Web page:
To: Dr. Erika Paterson
From: Erfan Ahmed
Date: Oct 11, 2019
Subject: Proposal for reducing household waste and carbon emissions in promoting a sustainable lifestyle in Metro Vancouver.
The prevalence of increased climate change around the globe has played a significant role in contributing problems related to household waste and carbon emissions. In order to combat the issues relating to this, it is crucial to start by implementing changes in our lifestyle. Vancouver is known to be one of the eco-friendliest cities in Canada and implementing initiatives in the daily life such as the use of transit and cycling which provides an alternative to other forms of transportation. Furthermore, reducing household waste and using reusable items can act as a viable solution to overcome this area of concern.
Statement of Problem
According to the Government of British Columbia, the total greenhouse gas emissions in 2017 in the province were 64.5 million tonnes of carbon dioxide equivalent which reflects a 1.2% increase in emissions since 2016. Furthermore, mass waste of food on a large-scale level has shown to decompose and release methane gas into the atmosphere. Food waste and loss creates 3.3 gigatons of greenhouse gas emissions which contributes to our current climate issues that occur on a global scale. In addition, all of the resources that have been used to produce food are also wasted. Therefore, by reducing food waste, we can also reduce the amount of resources lost in its production, processing and distribution. Moreover, providing subsidized transportation alternatives such as the use of transit at a lower cost will allow residents to minimize the use of personal vehicles on the road, especially during peak hours on weekdays. In addition, metro Vancouver has seen a 23 per cent increase in vehicle traffic crossing on the Port Mann Bridge which has led up from 132,000 per day in 2017 to 150,100 after the removal of the tolling system.
A possible solution to this issue is to focus more on strategic actions in the daily life such as buying only what is needed, eliminating plastic bags and bringing reusable tote bags, picking ugly fruits and vegetables at smaller supermarkets, recycling efficiently and using leftover food for meals instead of making it go to waste. All of this can be achieved if the City of Vancouver counsellors introduce a smart solution to recycling that will allow residents to engage and take an active role through a rewards system that tracks household waste and promotes the reuse of items. In addition, Vancouver will have to work with the surrounding tri-cities to find a viable solution to re-implement tolls on the Port Mann bridge during peak hours to encourage residents to take transit to work and school, and therefore aid in reducing carbon emissions.
To assess the feasibility of combating household waste and reducing carbon emissions, I will be analyzing the following questions in further detail:
- What can be done in our daily lives to combat the issues pertained to wasting?
- How can the city of Vancouver implement a better efficient recycling program to minimize waste?
- How can the city of Vancouver implement advancing technological innovations that can contribute to a part of this problem?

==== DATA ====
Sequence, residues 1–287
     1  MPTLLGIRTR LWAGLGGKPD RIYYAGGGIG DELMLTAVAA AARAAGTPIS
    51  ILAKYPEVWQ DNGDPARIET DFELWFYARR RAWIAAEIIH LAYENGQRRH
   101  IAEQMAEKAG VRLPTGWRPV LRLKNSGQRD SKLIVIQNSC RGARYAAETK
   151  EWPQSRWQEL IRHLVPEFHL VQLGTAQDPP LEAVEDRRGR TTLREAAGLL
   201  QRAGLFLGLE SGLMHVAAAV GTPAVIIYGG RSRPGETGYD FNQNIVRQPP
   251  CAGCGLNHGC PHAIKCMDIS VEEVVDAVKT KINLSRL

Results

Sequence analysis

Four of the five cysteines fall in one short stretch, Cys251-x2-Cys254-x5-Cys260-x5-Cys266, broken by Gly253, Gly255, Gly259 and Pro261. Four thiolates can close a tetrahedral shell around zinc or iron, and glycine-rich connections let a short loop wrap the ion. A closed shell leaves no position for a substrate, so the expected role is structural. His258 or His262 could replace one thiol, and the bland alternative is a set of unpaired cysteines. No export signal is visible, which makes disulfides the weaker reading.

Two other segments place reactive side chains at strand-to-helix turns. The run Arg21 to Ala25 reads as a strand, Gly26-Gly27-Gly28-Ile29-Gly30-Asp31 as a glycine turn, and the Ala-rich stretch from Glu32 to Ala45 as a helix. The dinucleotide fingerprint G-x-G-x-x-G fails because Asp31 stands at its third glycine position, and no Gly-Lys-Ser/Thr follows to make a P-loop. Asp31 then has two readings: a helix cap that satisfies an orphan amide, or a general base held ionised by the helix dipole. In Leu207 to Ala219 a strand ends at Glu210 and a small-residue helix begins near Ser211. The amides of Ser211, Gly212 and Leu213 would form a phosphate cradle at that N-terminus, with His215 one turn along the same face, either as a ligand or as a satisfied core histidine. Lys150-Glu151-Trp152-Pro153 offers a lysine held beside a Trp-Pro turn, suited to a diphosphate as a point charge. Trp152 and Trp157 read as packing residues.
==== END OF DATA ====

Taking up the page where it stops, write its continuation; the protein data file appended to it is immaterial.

- How will a reintroduction of a tolling system on the Port Mann bridge impact traffic within the region?
The primary source for this report will include surveys and questionnaires with commuters in the Vancouver lower mainland to see what the average time and distance is spent per day in commuting from home to work or school, and the modes of transportation that is taken. The secondary sources will include analyzing publications on wasting and climate change, as well as finding solutions that will be realistic in the long term.
I am currently expected to graduate with a Bachelor of Arts in Psychology later this year. I have recently worked for a global climate change campaign with the British Columbia Federation of Students. Furthermore, my experience with global climate campaigning has demonstrated my interest in this rising issue that will benefit my research to further public awareness on this topic. My professional experience includes working in the public sector with the Government of British Columbia.
It is evident that the rising problems associated with wasting and carbon emission plays a key role in the acceleration of some of the world’s largest social challenges. With your approval, I will begin analyzing this issue across various contexts to find the best possible solution to reduce wasting in our daily lives, and how everybody in society can take an active role in reducing one’s carbon footprint.
Key facts on food loss and waste you should know! (n.d.). Retrieved from http://www.fao.org/save-food/resources/keyfindings/en/
“Port Mann Bridge Traffic up 23% since Going Toll-Free | CBC News.” CBCnews, CBC/Radio Canada, 10 Oct. 2019, https://www.cbc.ca/news/canada/british-columbia/port-mann-bridge-traffic-up-23-since-going-toll-free-1.5316459
Smithers, R. (2018, April 12). Want to save the world from hunger? Start by not wasting food, shoppers told. Retrieved from https://www.theguardian.com/global-development/2018/apr/12/food-waste-recipe-for-disaster-global-hunger-fight-shoppers-warned-world-food-programme